Gradually, though, it began to dawn on me that, however significant and worthy of celebration earning a J.D. might be, until I’m licensed to practice law it’s really just a very expensive wall-hanging. In other words, my little good-job glow very quickly gave way to the startling realization that I have to take and pass the bar exam. And to do that, I have to study. There are, I have heard it rumored, people who start working full time after graduation and study for the bar in their “spare time.” These are likely the same people who would say of crucifixion that it’s a dawdle; at least it gets you out in the open air. They’re either legal savants who sailed through their law school classes and exams with nary a care about the difference between reses ipsa and judicata, or they’re severely deluded. I, however, fall into neither of those categories. Which means that I have entered that dreaded fugue state known as bar prep.
My first thought was, "This is all so straightforward and clear. Why didn’t our professors teach it this way?"At present, there are basically two brands of bar-prep course to choose from, Kaplan/PMBR or BarBri. Apparently, this is a relatively recent expansion of the competitive field, at least where state-specific content is concerned. I signed up for the Kaplan course, not least because it was several hundred dollars cheaper than the more established (read: former monopolist) BarBri, but also because, if my time in the ad game taught me nothing else, I know desperation when I smell it. See, e.g., the BarBri posters sporting a giant Guinea pig or the dire warnings about no one ever having passed the NC bar using the Kaplan course. Fear, uncertainty, and doubt much?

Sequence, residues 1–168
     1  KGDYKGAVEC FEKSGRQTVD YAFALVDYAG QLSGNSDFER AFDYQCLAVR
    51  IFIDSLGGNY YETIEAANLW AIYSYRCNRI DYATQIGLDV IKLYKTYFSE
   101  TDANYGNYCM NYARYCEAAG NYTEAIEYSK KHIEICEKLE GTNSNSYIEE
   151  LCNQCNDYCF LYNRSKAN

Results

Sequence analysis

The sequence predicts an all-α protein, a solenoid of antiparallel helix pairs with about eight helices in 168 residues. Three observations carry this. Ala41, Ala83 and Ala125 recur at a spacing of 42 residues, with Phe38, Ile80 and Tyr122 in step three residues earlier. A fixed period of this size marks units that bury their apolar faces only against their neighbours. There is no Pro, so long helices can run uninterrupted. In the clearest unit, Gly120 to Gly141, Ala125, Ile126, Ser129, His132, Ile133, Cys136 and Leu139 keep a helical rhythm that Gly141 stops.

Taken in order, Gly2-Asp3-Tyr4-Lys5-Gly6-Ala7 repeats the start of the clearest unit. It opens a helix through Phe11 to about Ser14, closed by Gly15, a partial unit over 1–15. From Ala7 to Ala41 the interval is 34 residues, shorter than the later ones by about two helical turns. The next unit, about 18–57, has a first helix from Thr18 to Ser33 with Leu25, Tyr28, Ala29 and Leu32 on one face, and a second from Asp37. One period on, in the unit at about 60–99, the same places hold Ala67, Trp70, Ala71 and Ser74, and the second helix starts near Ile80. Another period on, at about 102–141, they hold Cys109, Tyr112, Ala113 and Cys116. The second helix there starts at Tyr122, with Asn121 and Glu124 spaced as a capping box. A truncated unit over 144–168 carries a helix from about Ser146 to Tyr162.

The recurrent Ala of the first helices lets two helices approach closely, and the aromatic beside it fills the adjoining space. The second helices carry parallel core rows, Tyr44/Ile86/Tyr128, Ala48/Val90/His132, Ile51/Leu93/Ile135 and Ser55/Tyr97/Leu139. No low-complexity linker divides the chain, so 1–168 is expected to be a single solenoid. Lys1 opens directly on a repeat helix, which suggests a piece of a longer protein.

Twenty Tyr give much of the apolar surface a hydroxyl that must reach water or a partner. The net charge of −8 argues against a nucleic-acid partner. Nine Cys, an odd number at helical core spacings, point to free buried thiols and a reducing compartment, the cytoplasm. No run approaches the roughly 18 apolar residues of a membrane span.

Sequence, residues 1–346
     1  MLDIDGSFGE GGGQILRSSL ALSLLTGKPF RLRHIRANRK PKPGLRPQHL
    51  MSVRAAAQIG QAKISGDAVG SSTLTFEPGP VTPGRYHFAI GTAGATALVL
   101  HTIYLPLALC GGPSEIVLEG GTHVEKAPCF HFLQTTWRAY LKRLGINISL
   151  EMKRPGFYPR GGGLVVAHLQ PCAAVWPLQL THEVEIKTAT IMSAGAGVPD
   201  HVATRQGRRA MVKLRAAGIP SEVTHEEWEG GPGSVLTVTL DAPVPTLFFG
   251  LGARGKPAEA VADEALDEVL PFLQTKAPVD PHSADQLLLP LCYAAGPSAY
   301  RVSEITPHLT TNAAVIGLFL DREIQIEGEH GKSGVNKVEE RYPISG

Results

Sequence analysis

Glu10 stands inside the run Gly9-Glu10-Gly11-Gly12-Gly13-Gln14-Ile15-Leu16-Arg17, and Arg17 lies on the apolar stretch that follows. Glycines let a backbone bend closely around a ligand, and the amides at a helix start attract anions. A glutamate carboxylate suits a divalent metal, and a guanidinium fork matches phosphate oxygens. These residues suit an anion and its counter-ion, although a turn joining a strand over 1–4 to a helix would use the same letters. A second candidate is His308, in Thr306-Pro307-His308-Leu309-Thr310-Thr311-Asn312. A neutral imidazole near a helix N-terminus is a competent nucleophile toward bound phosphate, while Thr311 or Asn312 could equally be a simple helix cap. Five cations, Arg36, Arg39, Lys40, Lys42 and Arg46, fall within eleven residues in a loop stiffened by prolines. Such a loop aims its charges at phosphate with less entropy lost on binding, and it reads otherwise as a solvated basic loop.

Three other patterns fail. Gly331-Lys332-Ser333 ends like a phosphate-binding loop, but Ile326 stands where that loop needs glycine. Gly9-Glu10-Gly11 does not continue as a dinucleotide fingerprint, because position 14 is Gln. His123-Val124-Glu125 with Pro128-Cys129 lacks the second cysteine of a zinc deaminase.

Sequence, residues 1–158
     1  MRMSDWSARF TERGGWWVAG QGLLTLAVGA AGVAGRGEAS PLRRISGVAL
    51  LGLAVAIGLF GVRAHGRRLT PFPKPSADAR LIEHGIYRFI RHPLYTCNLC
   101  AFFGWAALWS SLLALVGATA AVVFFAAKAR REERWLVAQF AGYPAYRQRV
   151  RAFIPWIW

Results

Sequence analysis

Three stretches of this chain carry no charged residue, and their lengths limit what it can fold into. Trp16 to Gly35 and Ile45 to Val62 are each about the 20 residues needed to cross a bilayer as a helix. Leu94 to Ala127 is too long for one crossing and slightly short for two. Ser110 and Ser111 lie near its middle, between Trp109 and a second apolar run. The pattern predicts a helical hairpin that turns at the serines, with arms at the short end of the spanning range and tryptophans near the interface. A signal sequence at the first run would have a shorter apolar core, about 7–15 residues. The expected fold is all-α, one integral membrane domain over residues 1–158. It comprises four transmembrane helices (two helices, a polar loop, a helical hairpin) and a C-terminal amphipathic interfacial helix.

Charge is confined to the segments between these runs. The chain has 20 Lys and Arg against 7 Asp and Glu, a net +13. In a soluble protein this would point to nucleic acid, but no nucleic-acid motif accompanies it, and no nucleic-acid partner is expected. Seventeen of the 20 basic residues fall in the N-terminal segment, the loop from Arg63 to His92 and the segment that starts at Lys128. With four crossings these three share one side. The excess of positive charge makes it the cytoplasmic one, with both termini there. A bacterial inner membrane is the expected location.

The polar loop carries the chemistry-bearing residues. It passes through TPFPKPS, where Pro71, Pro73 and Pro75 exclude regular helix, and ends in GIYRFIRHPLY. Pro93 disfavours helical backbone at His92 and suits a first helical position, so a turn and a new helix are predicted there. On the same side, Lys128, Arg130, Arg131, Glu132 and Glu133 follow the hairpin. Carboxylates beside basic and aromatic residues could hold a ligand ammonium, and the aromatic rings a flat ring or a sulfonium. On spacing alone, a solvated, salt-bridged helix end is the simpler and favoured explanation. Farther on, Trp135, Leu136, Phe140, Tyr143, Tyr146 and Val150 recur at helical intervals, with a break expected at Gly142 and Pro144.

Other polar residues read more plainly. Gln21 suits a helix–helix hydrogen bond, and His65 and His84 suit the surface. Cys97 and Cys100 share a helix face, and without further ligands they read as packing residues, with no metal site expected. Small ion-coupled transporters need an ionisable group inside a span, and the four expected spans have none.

When I began my course, which consists of a three-hour lecture each morning, followed by an afternoon of practice questions and review—my first thought was something like This is all so straightforward and clear. Why didn’t our professors teach these subjects—torts, property, and especially constitutional law—this way? Why didn’t they just lay out the various rules and tests and elements and principles of law from a nice, succinct outline? But the reality is, without the three years (or at least the first year) of Socratic method applied to a vast body of case law, I wouldn’t have the first clue about what lecturers are saying. For the big topics, they condense a semester’s worth of material into about 12 hours of lecture and a 40- to 50-page outline. But the only way this works as a teaching and test-prep method is if the student knows the shorthand lingo. Law school might not prepare you to practice law, but it definitely trains you in the peculiar patois of the profession, so much so that you aren’t even aware of your fluency. Before law school, I didn’t know strict scrutiny from Shine-ola. But now, I can quote Cardozo and balance equities with the best of them.
The problem is that, while the presentation of the information is relatively straightforward, the volume of substantive, black-letter law being presented is truly staggering. Ultimately, this just reinforces an idea that I started to appreciate around the end of my first-year summer: law school and, I suspect, law practice are really less about substance than it is about process. It’s not about what you know, but do know where and how to find out, and do you know what to do with it once you find it? But what’s occurred to me now is that in bar-prep land, substance--and how much of it you can take in, process, and recall--is the process. In purely practical terms, three years of law school is the mental equivalent of prepping for one of those competitive-eating contests; bar prep is simply an exercise in seeing how many intellectual Vienna sausages I can stuff into my cranium between now and the end of July. Waiter, set me up with another plate of 33 MBEs.